“Mosquitoes (at least the ones that are major pests) are very well adapted to cope with tough environments,” says Michael Jeffries, teaching fellow, ecology, Northumbria University, UK. Their young tend to be very vulnerable to predators such as a fish and dragonflies but the species survive because some populations escape, he says. “So we can keep hitting them with chemicals, drainage and biocontrol agents,” says Jeffries, and adds that “it only takes a few populations to survive and they soon bounce back.” To make matters worse, climate change is creating new habitats for the vector, say recent studies. It is even adapting to cold climate. A 2016 study by researchers at the University of Notre Dame, USA, found the Aedes mosquitoes have been present in Washington DC for the past four winters. The findings were published in the American Journal of Tropical Medicine and Hygiene. At the executive board meeting at WHO headquarters, director general Margaret Chan too flagged the issue that the impact of El Nio on global weather patterns this year would increase mosquito populations in many areas. The impact would change precipitation patterns and create warmer conditions, which help the vector to thrive.

Apart from climate change, deforestation and urbanisation have created favourable conditions for the vector. A study under Jonathan Patz from the University of Wisconsin—Madison, USA, found a correlation between the extent of forest destruction and the incidence of malaria vector, Anopheles darlingi. The presence of the malaria vector was found to be more in areas which had undergone extensive deforestation. The study was published in the July 2009 issue of the American Journal of Tropical Medicine and Hygiene.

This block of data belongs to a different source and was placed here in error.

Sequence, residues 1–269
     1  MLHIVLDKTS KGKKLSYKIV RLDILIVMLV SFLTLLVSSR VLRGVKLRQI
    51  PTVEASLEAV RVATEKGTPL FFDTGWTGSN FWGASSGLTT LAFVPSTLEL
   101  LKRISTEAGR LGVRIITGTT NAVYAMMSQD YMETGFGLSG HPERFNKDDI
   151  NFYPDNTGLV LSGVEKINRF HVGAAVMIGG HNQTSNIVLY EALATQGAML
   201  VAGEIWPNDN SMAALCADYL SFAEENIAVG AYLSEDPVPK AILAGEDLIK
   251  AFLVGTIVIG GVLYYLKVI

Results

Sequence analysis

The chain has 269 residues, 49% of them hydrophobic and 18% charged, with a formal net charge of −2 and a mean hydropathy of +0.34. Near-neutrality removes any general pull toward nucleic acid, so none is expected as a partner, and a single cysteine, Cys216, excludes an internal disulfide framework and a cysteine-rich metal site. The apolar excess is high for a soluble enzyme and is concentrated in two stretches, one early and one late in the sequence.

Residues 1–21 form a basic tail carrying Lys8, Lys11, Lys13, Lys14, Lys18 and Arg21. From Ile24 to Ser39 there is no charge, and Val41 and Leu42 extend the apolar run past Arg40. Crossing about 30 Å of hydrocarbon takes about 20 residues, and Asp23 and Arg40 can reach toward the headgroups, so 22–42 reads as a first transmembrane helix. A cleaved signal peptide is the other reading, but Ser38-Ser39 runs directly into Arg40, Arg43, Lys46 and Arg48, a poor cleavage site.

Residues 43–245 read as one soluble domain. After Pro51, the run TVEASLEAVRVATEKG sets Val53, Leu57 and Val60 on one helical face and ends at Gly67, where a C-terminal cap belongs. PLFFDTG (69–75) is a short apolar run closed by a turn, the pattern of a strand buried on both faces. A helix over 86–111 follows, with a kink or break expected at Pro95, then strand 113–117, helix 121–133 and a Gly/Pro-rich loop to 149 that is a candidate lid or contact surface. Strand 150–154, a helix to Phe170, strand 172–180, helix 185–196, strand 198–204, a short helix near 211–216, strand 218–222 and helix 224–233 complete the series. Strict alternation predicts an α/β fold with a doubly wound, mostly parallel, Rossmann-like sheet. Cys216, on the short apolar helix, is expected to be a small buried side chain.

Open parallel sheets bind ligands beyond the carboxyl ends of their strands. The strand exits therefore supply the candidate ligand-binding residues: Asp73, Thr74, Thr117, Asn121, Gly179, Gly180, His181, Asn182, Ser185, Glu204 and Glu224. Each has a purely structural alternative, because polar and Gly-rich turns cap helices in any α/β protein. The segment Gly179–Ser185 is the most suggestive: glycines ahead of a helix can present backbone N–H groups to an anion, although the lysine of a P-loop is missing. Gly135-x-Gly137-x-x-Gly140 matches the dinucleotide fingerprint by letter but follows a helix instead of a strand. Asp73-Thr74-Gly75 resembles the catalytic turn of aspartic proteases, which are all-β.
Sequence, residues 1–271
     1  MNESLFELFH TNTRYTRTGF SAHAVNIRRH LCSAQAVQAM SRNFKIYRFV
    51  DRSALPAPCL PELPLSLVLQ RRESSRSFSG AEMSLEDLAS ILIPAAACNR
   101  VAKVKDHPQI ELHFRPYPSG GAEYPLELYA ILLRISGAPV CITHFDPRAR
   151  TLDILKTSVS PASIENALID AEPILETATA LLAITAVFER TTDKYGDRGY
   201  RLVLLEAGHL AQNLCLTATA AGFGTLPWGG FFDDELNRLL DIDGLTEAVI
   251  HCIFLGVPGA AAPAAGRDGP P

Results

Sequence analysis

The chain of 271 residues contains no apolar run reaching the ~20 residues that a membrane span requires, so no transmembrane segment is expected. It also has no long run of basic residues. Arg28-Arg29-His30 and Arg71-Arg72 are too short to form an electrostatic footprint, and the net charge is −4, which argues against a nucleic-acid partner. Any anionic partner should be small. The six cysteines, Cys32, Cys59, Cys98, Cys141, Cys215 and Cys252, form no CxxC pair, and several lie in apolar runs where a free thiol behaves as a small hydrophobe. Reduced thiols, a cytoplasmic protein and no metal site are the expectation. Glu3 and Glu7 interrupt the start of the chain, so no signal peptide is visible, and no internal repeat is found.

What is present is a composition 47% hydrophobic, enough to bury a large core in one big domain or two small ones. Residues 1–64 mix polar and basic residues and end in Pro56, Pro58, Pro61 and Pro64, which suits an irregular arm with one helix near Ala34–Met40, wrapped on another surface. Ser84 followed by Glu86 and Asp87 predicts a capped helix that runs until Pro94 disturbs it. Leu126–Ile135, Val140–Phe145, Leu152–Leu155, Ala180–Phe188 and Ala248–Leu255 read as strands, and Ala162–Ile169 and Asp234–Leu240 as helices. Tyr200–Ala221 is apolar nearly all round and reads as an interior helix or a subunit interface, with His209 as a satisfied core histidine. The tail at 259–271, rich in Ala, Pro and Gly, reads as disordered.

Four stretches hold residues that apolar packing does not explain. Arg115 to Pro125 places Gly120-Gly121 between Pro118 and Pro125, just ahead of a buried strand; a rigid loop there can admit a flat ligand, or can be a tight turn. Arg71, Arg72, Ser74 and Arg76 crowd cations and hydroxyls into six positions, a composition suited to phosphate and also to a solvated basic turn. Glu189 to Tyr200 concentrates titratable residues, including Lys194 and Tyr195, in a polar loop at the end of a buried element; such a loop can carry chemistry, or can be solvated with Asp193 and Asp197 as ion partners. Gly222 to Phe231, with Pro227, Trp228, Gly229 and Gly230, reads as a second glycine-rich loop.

Studies have also found a link between urbanisation and the population increase of the Aedes albopictus mosquito, which spreads Zika, dengue, chikungunya and yellow fever. Aedes albopictus larval population surveys in Guangzhou, China, found that urban areas had the highest and the rural area had the lowest number of aquatic habitats that tested positive for the larvae. The results, published in November 2014 in PLoS Neglected Tropical Diseases, show that urbanisation significantly increases the potential for disease outbreaks.